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What Is a Retroverted Womb?

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  • Written By: A.E. Freeman
  • Edited By: Melissa Wiley
  • Last Modified Date: 04 October 2018
  • Copyright Protected:
    2003-2018
    Conjecture Corporation
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A retroverted womb, also called a tipped uterus, is a uterus that tilts backward, toward the spine, instead of forward or straight up and down. The condition is usually considered normal, as it affects about 20 percent of women. A retroverted womb is usually nothing to worry about, as it doesn't cause pain or affect a woman's fertility. In some cases, certain conditions can lead to a tilted uterus. Those conditions are usually also the cause of any pain or reproductive difficulties.

As a woman approaches menopause, she may be more likely to have a retroverted uterus, as the pelvic ligaments become weaker. Stretching of the uterus during pregnancy can also lead to retroversion after the baby is born. More serious causes of a retroverted womb included endometriosis, pelvic inflammatory disease, and tumors. In some cases, a tilted uterus can be confused with a tumor or fibroid. An ultrasound or an exam will help distinguish between a mass and a tilted womb.

Under most circumstances, a woman may not even know she has a retroverted womb, as there are no signs. Some women may experience lower back pain, pain during intercourse or menstruation, or frequent urinary tract infections. If a woman does have symptoms due to a tilted uterus, she may choose to undergo surgery to straighten the womb.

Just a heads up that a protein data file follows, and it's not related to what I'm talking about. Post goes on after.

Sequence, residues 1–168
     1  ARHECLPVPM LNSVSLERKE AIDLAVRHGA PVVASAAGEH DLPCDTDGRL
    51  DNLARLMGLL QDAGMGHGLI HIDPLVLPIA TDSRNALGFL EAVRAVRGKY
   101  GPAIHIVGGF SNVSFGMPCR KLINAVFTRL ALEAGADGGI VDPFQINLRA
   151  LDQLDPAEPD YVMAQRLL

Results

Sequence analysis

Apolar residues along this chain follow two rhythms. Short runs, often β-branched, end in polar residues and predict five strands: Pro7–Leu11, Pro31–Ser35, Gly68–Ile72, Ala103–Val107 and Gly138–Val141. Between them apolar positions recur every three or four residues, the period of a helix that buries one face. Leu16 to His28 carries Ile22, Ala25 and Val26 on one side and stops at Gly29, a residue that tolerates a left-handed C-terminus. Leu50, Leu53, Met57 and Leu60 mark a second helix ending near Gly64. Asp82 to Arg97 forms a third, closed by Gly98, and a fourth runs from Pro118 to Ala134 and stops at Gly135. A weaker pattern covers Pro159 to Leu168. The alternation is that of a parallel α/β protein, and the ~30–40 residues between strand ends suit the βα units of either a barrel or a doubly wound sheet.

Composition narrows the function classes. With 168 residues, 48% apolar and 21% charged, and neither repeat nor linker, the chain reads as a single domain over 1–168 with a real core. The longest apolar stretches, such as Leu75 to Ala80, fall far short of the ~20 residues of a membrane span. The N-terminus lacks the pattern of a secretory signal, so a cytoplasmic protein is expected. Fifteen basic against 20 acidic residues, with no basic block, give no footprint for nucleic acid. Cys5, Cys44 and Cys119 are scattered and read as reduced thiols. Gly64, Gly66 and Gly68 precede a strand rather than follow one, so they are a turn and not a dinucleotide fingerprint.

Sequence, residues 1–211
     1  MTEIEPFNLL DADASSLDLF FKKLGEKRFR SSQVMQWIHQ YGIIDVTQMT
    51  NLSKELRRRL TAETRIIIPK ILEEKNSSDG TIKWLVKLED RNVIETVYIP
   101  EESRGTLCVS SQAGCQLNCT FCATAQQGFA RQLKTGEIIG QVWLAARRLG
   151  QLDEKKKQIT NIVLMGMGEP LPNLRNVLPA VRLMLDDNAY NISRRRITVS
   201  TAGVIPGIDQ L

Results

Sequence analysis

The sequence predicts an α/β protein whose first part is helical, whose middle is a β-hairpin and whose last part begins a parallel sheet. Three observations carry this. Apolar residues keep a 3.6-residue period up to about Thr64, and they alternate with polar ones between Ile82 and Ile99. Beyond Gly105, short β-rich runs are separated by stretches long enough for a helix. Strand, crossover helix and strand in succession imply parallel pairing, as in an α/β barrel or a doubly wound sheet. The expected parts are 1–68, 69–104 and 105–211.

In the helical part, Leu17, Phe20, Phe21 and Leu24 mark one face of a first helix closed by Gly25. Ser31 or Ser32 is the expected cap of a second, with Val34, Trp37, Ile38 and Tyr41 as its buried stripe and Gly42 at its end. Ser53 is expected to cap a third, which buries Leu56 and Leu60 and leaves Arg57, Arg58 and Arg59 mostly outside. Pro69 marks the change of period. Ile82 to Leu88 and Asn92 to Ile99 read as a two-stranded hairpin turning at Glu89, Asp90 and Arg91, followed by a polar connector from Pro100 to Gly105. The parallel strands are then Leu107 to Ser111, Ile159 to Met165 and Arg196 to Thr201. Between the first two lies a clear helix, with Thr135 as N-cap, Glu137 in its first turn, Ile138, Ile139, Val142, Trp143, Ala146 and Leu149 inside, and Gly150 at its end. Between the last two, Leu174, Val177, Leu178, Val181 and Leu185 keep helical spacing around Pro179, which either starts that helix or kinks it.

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Other treatment options include inserting a device into the vagina to straighten the uterus. The device is usually only temporary, though, as prolonged use can lead to infection. Some exercises may help reposition the uterus if it becomes tilted due to weak ligaments. The exercises will not help if the tilt is a result of a disease, however.

While it was once thought that the position of a woman's uterus impacted her fertility, medical experts now know that is not the case. A woman with a tilted uterus has just as good a chance of conceiving as a woman with a straight or forward-tilting womb as long as she does not have any other underlying conditions that affect fertility.

If the uterus is tilted as a result of a condition such as endometriosis or pelvic inflammatory disease (PID), treating those conditions may ease symptoms. Endometriosis or PID are usually also to blame if a woman with a retroverted womb struggles with infertility as well. PID can be treated with antibiotics, while endometriosis is usually treated with pain medications and, in some cases, a hysterectomy.

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